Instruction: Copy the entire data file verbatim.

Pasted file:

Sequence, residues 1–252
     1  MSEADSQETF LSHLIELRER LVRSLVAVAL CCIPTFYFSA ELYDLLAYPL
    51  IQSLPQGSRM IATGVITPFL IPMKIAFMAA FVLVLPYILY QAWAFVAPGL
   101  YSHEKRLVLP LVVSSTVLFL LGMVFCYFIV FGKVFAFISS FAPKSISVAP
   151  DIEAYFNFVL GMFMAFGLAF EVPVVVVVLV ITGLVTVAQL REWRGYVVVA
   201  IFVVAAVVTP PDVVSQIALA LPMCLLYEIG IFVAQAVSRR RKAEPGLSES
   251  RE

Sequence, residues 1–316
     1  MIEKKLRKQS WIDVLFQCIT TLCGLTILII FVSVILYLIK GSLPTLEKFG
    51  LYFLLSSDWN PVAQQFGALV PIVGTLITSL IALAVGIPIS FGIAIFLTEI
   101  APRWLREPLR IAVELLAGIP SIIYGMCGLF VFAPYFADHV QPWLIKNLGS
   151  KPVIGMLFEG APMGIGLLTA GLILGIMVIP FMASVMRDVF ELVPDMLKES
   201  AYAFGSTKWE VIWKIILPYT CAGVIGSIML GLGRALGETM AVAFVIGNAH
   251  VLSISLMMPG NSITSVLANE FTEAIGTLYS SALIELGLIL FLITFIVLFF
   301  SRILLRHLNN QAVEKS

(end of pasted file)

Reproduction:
Sequence, residues 1–252
     1  MSEADSQETF LSHLIELRER LVRSLVAVAL CCIPTFYFSA ELYDLLAYPL
    51  IQSLPQGSRM IATGVITPFL IPMKIAFMAA FVLVLPYILY QAWAFVAPGL
   101  YSHEKRLVLP LVVSSTVLFL LGMVFCYFIV FGKVFAFISS FAPKSISVAP
   151  DIEAYFNFVL GMFMAFGLAF EVPVVVVVLV ITGLVTVAQL REWRGYVVVA
   201  IFVVAAVVTP PDVVSQIALA LPMCLLYEIG IFVAQAVSRR RKAEPGLSES
   251  RE

Sequence, residues 1–316
     1  MIEKKLRKQS WIDVLFQCIT TLCGLTILII FVSVILYLIK GSLPTLEKFG
    51  LYFLLSSDWN PVAQQFGALV PIVGTLITSL IALAVGIPIS FGIAIFLTEI
   101  APRWLREPLR IAVELLAGIP SIIYGMCGLF VFAPYFADHV QPWLIKNLGS
   151  KPVIGMLFEG APMGIGLLTA GLILGIMVIP FMASVMRDVF ELVPDMLKES
   201  AYAFGSTKWE VIWKIILPYT CAGVIGSIML GLGRALGETM AVAFVIGNAH
   251  VLSISLMMPG NSITSVLANE FTEAIGTLYS SALIELGLIL FLITFIVLFF
   301  SRILLRHLNN QAVEKS